Big Brother?

All of my teaching experience has been online. While this is not a post to discuss advantages and disadvantages of online courses, one benefit that I will point out is the ability to have in-depth discussions involving the entire class. It is easy to require everyone to participate, and unlike in a face-to-face class, the one guy who feels he must dominate the conversation has no stronger voice online than does the shyest student.

In one of my IT Security classes I wanted to discuss George Orwell’s vision of technology in 1984, and how reality has not met his expectations. I posed the following question for discussion:

In his book 1984, George Orwell predicted that technology would be used by the government (Big Brother) to obliterate citizens privacy and allow the state to completely control citizens lives. To what extent has Orwell’s vision been realized?

I was hoping students would discuss the ways in which citizens in repressive regimes used technology to undermine state control. Instead, many (though not all) of the students argued that the U.S. government is using technology to invade privacy just as Orwell had predicted. This I did not expect. Wondering how many of the students had read, or remembered Orwell’s book, I added the following details:

In Orwell’s 1984, every apartment has a telescreen.

The telescreen received and transmitted simultaneously. Any sound that Winston made, above the level of a very low whisper, would be picked up by it; moreover, so long as he remained within the field of vision which the metal plaque commanded, he could be seen as well as heard. There was no way of knowing whether you were being watched at any given moment. How often, or on what system, the Thought Police plugged in on any individual wire was guesswork. It was even conceivable that they watched everybody all the time. But at any rate they could plug in your wire whenever they wanted to. You had to live –did live, from habit that became instinct– in the assumption that every sound you made was overheard, and, except in darkness, every movement scrutinised.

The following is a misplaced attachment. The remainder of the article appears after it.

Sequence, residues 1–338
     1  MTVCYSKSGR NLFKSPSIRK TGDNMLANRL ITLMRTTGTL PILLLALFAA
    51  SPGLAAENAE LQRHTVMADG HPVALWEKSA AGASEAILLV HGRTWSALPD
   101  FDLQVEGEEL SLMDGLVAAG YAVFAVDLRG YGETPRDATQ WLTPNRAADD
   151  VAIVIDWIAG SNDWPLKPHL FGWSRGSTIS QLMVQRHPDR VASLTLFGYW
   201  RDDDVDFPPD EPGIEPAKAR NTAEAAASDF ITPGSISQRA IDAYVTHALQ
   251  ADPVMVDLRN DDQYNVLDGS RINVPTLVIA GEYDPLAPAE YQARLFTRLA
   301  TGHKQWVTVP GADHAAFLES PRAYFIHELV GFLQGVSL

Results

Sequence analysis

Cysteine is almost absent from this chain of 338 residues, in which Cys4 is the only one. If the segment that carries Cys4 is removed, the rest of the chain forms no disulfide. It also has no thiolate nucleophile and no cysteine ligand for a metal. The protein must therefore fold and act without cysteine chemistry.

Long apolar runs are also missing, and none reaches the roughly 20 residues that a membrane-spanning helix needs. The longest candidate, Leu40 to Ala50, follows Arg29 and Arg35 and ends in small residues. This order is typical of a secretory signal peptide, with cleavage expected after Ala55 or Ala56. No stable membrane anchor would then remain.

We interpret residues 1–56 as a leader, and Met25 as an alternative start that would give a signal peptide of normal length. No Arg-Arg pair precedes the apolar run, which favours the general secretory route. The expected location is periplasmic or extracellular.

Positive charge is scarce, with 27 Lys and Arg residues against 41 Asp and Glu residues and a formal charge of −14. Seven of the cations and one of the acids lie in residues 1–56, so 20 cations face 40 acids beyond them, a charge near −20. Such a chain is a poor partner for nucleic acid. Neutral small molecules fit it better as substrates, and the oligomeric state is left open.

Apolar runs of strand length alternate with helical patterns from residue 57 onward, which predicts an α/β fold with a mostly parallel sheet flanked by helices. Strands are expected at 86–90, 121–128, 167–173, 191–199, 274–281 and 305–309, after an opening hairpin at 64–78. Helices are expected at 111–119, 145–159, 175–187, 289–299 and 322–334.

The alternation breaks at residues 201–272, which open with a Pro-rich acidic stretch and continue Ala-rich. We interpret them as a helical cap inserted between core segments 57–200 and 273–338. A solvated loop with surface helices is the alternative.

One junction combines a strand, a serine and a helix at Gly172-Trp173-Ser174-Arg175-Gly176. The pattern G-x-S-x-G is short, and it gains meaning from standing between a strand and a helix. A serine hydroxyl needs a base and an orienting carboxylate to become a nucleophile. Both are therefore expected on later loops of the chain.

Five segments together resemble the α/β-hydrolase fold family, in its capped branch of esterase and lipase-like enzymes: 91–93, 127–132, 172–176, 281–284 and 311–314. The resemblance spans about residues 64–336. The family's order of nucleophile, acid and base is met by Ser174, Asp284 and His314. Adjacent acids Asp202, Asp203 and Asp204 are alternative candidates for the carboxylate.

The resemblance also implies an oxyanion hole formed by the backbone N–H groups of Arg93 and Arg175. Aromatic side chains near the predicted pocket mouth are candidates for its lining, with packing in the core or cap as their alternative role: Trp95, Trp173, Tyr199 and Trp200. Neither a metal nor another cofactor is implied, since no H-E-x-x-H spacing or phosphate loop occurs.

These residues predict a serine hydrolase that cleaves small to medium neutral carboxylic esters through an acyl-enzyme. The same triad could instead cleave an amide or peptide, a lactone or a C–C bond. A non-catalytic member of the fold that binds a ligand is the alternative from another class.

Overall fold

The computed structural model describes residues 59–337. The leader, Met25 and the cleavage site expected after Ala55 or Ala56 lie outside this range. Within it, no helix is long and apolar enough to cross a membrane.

Each morning Winston does exercises in front of the telescreen.

‘Thirty to forty group!’ yapped a piercing female voice. ‘Thirty fo forty group! Take your places, please. Thirties to forties!’

Winston sprang to attention in front of the telescreen, upon which the image of a youngish woman, scrawny but muscular, dressed in tunic and gym-shoes, had already appeared.


‘Smith!’ screamed the shrewish voice from the telescreen. ‘6079 Smith W! Yes, you! Bend lower, please! You can do better than that. You’re not trying. Lower, please! That’s better, comrade.

Even with that further description of 1984, many students continued to argue that the U.S. government, while perhaps not as extreme as Big Brother, did many of the things described in the book.

What do you think?


One Response to Big Brother?

  1. Joan says:

    Very interesting. Cool things to consider.

    NPR had a story this week about The Mall of America. They have their own team of anti-terror police. It seems that they watch and detain people that seem suspicious. Walking too fast, too slow, pacing, Staring. Writing in notebooks. Taking pictures.

    There is a jail and an interrogation area in the basement. Some of the people are turned over to the police and the FBI. They highlighted some of the cases that seemed absurd. Even if nothing is proven, their “suspicious person” files remain active. Most of the accused were people of color.

    It gave me a very sick feeling.

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